Exaggerated attention to threatening information, or the threat bias, has been implicated in the development and maintenance of anxiety disorders. Recent research has highlighted methodological limitations in threat bias measures, such as temporal insensitivity, leading to the development of novel metrics that capture change and variability in threat bias over time. These metrics, however, have rarely been examined in non-clinical samples. The present study aimed to explore the utility of these trial-level metrics in predicting anxiety-related stress reactivity (stress-induced negative mood state) in trait anxious adults (N = 52). Following a stressor, participants completed the dot probe task to generate threat bias scores. Stress reactivity was measured via stress-induced changes in subjective mood state. More variability in trial-level bias scores (TL-BSs) and greater bias away from threat (both mean and peak negative TL-BSs) predicted increased stress reactivity. The temporal characteristics of threat bias and implications for clinically-relevant measurement are discussed.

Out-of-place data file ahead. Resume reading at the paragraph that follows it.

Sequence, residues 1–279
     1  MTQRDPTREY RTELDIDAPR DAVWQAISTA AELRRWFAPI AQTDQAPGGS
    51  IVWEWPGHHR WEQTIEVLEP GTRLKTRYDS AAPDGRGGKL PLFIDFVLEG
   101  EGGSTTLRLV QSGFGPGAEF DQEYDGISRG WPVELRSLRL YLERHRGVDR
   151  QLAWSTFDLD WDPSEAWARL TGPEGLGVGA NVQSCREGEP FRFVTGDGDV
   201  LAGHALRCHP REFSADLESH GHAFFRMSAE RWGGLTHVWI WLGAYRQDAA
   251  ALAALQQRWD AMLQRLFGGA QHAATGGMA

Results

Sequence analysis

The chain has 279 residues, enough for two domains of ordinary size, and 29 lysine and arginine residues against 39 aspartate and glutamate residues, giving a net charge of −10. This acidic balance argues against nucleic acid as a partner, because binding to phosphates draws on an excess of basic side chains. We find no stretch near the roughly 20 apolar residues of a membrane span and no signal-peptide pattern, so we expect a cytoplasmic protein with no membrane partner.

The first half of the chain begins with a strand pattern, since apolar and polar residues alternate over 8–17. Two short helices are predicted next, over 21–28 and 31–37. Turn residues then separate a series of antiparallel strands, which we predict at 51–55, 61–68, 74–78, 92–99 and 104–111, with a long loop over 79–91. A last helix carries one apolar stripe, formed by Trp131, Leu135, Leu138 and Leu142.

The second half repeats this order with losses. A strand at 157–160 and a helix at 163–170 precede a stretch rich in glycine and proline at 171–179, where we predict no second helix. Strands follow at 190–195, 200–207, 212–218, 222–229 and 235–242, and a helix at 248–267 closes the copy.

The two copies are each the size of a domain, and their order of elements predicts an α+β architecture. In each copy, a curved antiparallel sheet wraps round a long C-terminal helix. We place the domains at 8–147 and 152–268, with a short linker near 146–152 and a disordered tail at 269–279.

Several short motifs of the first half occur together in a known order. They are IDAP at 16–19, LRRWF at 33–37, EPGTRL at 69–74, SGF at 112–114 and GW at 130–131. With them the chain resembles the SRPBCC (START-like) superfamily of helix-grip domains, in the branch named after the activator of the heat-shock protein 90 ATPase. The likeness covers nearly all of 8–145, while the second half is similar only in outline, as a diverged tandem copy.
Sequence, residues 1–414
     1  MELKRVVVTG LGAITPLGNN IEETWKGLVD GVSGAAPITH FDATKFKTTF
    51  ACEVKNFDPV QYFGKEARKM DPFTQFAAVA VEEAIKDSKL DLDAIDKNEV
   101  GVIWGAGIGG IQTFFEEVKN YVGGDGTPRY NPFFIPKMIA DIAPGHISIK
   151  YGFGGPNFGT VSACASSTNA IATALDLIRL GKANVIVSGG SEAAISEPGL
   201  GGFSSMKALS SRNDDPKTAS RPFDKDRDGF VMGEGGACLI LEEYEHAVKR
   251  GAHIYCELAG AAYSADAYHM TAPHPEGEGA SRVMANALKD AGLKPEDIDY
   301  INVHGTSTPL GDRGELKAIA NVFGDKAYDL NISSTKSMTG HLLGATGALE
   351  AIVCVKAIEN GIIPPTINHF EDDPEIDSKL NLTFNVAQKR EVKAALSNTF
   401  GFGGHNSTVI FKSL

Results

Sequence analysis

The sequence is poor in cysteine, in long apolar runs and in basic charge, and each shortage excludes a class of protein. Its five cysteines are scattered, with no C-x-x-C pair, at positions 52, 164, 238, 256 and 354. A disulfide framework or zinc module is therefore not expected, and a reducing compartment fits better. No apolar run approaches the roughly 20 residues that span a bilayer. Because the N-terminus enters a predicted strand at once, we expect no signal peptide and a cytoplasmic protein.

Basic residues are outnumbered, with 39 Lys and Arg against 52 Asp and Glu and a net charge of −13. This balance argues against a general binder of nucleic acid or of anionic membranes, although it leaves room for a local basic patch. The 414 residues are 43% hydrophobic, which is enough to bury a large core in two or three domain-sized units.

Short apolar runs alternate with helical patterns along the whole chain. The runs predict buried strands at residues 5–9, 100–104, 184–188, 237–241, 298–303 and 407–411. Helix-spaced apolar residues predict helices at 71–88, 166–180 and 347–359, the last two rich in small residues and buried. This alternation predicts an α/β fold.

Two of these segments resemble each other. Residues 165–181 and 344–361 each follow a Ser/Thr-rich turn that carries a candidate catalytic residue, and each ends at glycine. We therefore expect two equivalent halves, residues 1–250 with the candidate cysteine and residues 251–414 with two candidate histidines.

Motivation and Emotion – Springer Journals
Published: Mar 2, 2018
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